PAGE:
Proceedings of The Physiological Society

University of Cambridge (2004) J Physiol 555P, C87


The development of the interstitial cells of Cajal in the equine fetus: an immunohistochemical study

C. Fintl, G.T. Pearson, I.G. Mayhew, S.W. Ricketts* and N.P.H. Hudson

Royal (Dick) School of Veterinary Studies, University of Edinburgh, Edinburgh and * Rossdale & Partners, Beaufort Cottage Stables, Newmarket, Suffolk

The interstitial cells of Cajal (ICC) are integral to the coordination of gastrointestinal motility by generating pacemaker activity and mediating neurotransmission in the gastrointestinal tract (Sanders 1996). There is currently no information available on the development of the ICC in the equine fetus. This study was carried out in order to determine whether ICC are detectable in the equine fetus, and if so, whether there are age-related changes in the patterns of ICC distribution, with respect to both the transmural and rostro-caudal distribution of ICC.

Tissues from 12 naturally aborted equine fetuses were used in this study. The ages of the fetuses ranged from 6-11 months (normal gestation length in the horse is 11 months). Sections of ileum, caecal base, pelvic flexure and distal small colon were obtained from each animal. All material was collected at post mortem and was surplus to that required for the routine investigation into the cause of abortion. Collected tissue was fixed in formalin and standard immunohistochemical labelling techniques were applied using an antibody against the c-Kit protein of the ICC (Oncogene Research Products, Cambridge, MA, USA).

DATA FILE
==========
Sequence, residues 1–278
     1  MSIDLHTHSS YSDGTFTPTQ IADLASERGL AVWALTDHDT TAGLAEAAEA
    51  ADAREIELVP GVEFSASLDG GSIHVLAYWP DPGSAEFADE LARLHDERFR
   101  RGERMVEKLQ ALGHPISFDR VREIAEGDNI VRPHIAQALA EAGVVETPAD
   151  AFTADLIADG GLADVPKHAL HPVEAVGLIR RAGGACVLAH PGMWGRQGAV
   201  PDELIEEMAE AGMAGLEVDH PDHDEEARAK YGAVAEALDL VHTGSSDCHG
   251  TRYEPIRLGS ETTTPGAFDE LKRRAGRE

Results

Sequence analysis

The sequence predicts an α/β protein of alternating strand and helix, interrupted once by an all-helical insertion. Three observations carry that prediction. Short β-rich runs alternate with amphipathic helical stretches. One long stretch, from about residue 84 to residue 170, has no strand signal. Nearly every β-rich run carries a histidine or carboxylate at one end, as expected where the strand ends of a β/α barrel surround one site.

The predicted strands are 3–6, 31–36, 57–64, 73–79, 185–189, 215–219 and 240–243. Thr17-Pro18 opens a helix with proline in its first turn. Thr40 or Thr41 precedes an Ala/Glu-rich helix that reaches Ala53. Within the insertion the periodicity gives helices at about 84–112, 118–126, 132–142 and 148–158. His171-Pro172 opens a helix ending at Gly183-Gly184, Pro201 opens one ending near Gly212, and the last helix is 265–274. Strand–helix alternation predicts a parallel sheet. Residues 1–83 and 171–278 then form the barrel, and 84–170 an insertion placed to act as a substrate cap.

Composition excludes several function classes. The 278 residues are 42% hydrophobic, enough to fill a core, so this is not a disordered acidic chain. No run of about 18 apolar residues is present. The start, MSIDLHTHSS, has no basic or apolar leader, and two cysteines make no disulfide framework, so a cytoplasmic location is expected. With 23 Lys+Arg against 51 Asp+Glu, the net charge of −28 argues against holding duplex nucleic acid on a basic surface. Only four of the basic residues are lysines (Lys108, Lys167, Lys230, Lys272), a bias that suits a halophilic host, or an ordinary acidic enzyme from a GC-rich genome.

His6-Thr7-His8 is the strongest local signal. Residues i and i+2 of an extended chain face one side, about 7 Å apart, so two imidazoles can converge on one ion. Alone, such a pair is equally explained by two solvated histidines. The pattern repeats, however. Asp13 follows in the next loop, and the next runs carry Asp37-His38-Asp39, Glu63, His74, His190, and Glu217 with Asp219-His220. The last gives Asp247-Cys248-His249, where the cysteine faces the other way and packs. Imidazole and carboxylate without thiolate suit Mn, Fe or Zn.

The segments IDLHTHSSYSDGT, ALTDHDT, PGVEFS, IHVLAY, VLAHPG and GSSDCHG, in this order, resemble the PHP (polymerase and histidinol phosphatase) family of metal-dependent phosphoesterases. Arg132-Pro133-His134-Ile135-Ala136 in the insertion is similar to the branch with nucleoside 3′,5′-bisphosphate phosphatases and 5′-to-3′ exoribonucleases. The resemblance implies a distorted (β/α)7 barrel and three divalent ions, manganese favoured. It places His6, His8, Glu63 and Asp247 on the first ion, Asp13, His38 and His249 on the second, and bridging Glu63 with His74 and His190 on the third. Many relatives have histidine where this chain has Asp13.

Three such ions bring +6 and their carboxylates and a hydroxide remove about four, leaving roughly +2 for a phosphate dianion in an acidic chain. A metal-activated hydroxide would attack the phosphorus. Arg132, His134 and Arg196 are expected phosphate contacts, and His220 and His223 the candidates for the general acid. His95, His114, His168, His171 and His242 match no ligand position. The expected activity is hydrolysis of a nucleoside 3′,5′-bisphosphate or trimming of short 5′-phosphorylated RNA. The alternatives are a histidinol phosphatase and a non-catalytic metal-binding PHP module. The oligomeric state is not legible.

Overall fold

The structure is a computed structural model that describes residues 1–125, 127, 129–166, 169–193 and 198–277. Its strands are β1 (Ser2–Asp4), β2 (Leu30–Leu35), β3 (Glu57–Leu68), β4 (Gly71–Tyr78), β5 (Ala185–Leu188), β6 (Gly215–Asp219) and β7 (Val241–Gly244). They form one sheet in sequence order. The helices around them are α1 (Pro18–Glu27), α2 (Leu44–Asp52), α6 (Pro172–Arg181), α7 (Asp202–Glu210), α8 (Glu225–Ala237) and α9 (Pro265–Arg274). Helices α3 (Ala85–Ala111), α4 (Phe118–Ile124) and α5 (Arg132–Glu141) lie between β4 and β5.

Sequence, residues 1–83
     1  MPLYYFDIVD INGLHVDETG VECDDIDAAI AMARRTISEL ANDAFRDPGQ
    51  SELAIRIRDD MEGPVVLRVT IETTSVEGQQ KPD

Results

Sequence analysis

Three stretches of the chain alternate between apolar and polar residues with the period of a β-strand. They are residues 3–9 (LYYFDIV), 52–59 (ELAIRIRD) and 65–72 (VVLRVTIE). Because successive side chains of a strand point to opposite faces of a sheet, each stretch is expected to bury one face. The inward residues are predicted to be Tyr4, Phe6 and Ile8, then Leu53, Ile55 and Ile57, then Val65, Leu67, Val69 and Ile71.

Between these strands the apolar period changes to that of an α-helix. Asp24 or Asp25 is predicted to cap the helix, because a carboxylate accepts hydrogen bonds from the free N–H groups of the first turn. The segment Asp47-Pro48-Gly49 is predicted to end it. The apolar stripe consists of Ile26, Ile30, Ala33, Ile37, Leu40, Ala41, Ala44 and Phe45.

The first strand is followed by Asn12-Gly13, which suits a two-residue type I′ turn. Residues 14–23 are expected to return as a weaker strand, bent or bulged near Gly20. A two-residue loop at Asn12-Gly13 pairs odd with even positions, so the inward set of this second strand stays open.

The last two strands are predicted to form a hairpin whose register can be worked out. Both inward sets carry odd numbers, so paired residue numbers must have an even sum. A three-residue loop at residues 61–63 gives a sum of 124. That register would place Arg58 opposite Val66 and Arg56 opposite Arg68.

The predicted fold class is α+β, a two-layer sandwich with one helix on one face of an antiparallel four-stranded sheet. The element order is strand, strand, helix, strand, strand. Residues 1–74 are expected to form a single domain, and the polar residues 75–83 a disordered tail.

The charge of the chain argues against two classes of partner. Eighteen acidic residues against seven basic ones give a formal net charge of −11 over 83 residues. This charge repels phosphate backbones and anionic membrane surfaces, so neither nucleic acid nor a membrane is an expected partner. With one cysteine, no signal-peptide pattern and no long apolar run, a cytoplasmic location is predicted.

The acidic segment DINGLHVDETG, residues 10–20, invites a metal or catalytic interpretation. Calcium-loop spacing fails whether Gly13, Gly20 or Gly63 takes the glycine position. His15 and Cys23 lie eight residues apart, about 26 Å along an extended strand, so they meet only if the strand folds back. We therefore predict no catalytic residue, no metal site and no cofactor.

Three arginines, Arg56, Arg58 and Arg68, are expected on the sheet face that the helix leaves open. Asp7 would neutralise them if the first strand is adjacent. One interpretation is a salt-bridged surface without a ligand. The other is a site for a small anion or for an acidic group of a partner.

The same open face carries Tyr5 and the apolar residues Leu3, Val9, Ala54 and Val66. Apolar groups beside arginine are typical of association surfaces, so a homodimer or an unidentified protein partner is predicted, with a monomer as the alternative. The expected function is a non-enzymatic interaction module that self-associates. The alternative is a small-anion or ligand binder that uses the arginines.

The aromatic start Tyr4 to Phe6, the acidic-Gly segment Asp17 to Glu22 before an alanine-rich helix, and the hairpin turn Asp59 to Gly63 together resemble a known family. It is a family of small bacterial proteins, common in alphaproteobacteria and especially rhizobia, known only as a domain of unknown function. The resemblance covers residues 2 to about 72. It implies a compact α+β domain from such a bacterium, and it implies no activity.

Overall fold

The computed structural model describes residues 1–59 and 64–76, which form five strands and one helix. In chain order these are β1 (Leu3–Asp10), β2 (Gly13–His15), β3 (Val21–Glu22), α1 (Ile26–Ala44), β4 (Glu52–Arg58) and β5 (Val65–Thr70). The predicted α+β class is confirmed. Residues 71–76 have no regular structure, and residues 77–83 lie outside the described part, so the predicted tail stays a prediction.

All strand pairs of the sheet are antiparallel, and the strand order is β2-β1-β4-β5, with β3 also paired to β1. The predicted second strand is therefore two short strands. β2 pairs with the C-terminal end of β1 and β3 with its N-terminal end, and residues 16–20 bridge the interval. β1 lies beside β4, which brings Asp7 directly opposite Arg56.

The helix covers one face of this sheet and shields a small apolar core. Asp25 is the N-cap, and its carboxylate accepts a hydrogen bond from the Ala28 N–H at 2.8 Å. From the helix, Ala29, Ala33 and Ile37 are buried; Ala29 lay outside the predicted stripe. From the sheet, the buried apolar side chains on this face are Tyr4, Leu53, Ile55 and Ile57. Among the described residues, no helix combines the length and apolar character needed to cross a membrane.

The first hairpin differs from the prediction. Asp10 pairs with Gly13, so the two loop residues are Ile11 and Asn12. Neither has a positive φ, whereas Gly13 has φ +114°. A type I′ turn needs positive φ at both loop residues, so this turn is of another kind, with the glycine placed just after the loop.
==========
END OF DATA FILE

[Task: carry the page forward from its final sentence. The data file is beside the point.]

ICC were present throughout the equine gastrointestinal tract at 6 months of gestation. The distribution of ICC in the small intestine was similar to that of the neonatal animal while in the large intestine changes were observed during development. A rostro-caudal gradient of immunoreactivity was evident, with the more distal part of the large intestine being less densely colonised by ICC in the younger fetuses compared to the near-term animals. A transmural gradient of ICC distribution was also evident within the large intestine, with the most luminal part of the muscularis externa appearing to be the last area of the intestine to be colonised by these cells. Indeed, even in the full term fetus this region did not appear fully developed compared to the neonatal animal. This transmural gradient observed in the horse does not appear to be present in other mammalian species that have been studied. Considering the proposed location of the pacemaker ICC at the submucosal border of the circular muscle layer (Rae et al. 1998), this may be of importance when investigating commonly observed problems in the equine neonate such as meconium impactions and motility disorders observed in dysmature and premature foals.

This work was supported by the HBLB.

Where applicable, experiments conform with Society ethical requirements